AUSKAR SURBAKTI, PRESENTER: As Asian universities struggle to compete, international students here in Australia are struggling to make ends meet.
The Australian city of Melbourne may be one of the world's top destinations for international students but it's also one of the most expensive. And Victoria is the only Australian state that doesn't give public transport concessions.
Long-running campaigns to change the rules have so far been unsuccessful.
Now, Melbourne City Council has decided to take-up the cause and lobby the government to effectively halve the students' transport costs.
But as Girish Sawlani reports, international students in Australia are continuing to struggle, amid ever increasing education and living costs.
GIRISH SAWLANI, REPORTER: It's one of Melbourne's most iconic symbols. But for many international students here, the cost of taking a tram ride is a major financial burden.
STEVEN JINGGA, UNIVERSITY STUDENT: Daily is roughly almost $12 a day. It's out of the budget that I prepared to pay before I came here.
GIRISH SAWLANI: Indonesian student Steven Jingga is doing a Masters in Practising Accounting at Swinburne University in Melbourne's east. Rents for accommodation near his institution are high, so he's forced to travel a long way from home each day.
STEVEN JINGGA: I have to find accommodation further away from the uni, that means in Zone Two, which is cheaper. That's why I sacrifice on accommodation and travelling time. But I manage to survive on that.
GIRISH SAWLANI: Currently, Victoria is the only state in Australia not to provide international students with concessions that would effectively halve their transport costs.
Long running campaigns by student groups have so far failed to sway the state government. But now that campaign has received a massive boost from the Melbourne City Council. The Council recently voted unanimously to begin talks with Victorian State Transport Minister, Terry Mulder.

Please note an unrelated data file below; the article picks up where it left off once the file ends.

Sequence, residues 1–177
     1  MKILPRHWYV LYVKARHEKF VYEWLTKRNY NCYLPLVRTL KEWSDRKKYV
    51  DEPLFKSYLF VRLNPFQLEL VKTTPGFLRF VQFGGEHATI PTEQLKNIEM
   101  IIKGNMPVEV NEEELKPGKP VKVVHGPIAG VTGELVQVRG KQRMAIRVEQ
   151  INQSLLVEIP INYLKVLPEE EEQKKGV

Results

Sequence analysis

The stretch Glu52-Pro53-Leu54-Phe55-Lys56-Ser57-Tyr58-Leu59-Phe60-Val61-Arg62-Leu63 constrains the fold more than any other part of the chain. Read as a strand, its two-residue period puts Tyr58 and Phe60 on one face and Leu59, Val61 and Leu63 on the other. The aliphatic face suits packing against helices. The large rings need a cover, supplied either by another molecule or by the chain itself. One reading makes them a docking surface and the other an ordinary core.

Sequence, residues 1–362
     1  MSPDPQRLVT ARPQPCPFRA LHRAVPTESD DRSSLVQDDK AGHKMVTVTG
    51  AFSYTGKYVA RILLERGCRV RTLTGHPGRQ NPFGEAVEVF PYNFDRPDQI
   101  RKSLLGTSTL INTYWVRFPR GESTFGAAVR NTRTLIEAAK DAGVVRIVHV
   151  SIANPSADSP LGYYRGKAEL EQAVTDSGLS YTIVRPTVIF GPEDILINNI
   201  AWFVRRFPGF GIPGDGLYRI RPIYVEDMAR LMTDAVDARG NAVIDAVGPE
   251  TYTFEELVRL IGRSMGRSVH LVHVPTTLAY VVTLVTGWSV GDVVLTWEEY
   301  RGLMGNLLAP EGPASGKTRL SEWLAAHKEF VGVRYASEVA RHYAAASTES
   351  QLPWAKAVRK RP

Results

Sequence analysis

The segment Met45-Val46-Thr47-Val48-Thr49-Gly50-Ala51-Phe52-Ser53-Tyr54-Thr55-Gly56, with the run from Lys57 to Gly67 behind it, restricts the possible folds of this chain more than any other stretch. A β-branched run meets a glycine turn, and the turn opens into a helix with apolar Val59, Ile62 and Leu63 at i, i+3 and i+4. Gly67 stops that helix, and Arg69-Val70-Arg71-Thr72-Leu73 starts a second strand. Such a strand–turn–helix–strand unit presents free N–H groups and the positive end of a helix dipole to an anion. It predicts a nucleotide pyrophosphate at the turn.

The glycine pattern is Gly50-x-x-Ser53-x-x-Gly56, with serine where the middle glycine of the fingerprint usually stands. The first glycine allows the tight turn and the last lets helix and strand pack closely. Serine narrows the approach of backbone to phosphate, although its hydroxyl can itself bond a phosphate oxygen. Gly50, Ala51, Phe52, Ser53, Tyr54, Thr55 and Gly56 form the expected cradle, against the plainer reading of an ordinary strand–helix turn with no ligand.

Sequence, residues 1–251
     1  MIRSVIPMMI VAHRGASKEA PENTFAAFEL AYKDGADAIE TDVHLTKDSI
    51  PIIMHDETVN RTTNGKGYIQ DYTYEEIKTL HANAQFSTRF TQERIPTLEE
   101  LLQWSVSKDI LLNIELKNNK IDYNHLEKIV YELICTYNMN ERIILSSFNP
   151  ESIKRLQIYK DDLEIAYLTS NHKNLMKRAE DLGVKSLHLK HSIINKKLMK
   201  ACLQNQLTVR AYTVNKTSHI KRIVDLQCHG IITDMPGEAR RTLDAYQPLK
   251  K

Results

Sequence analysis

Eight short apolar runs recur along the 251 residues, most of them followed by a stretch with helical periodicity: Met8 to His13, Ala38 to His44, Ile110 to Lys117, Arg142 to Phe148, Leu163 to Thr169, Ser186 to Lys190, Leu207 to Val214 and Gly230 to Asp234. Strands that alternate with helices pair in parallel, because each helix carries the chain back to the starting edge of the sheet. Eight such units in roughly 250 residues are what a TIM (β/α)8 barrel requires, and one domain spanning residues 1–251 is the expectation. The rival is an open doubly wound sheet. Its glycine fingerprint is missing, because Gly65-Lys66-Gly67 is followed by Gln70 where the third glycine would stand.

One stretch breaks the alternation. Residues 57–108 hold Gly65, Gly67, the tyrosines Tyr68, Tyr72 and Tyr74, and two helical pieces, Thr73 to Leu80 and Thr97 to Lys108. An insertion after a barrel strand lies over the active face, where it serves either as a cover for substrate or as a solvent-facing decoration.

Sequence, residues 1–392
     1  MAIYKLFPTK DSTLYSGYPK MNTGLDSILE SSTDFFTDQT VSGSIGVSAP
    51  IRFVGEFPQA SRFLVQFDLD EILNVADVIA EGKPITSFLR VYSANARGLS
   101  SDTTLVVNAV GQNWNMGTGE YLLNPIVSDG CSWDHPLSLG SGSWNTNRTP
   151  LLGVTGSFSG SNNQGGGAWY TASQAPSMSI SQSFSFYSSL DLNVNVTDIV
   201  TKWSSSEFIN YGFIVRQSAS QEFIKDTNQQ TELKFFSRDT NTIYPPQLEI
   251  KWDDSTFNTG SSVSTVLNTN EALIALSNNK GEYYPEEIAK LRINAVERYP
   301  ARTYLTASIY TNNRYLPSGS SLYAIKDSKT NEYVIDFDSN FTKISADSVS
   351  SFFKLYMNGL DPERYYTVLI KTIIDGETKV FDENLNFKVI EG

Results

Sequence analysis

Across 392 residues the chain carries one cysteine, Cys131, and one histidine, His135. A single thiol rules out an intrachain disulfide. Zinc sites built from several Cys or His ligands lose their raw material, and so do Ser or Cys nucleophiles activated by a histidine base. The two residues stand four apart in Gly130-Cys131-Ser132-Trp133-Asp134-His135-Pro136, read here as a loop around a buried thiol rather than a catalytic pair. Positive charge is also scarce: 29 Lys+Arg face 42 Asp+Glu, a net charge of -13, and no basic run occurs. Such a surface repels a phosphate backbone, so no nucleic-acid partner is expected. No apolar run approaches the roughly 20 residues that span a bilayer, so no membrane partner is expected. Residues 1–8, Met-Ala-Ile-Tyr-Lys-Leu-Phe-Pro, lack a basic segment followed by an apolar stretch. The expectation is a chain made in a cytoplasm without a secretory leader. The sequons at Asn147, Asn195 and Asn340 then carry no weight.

JACKIE WATTS, MELBOURNE CITY COUNCILOR: It seems to me to be most unjust that the international students, who share the life of the city, are not permitted these concessions other students have.
GIRISH SAWLANI: This new push by the Council has been welcomed by international student groups.
THOMSON CH'NG, COUNCIL FOR INTERNATIONAL STUDENTS IN AUSTRALIA: It's always a good start many such a great initiative from stakeholders to take up proactive responsibility to advocate for the welfare of international students. Because at the end of the day, what students are looking for is a great quality experience, which is very important to the future and the sustainability of this sector.
GIRISH SAWLANI: Paying full fares for public transport is just one of the cost pressures facing international students here in Victoria. But across the country, they're also being squeezed by high rents and visa conditions that restrict students from working more than 20 hours per week.
At the Salvation Army headquarters in Melbourne's CBD, struggling international students gather daily at this café, known as the Couch, for free meals and advice on housing and employment.
PETER HICHAABA, SALVATION ARMY COORDINATOR: We still have a bigger number of students that are coming here for a meal because they cannot afford to buy to eat breakfast, lunch and dinner. So at the end of the day they came here, at least they have a meal.
GIRISH SAWLANI: Among them is Iranian Behrooz Ghabraie, a PhD candidate at RMIT (Royal Melbourne Institute of Technology) University.
BEHROOZ GHABRAIE, PHD CANDIDATE, RMIT: Basically Australia is an expensive country. Accommodation, housing, it's really expensive. Almost half of the amount that I was paying my accommodation I was paying for transport at that time. And also food is expensive. But you can keep that price, you know that expenses a bit lower than normal by coming to Couch, places like this.
JACKIE WATTS: These students are not a super wealthy class. Many of these students are experiencing hardship, their families are experiencing hardship to get them here to Australia.
GIRISH SAWLANI: The international education sector injects around $15 billion to the Australian economy each year.
The Federal Government in Canberra is developing a new national strategy to attract even more foreign students here. But with tuition fees and living expenses more than doubling over the past decade, the rising costs may derail those plans.
THOMSON CH'NG: The fact that Australia was recently being listed as one of the most expensive countries to study in, that actually makes the situation worse.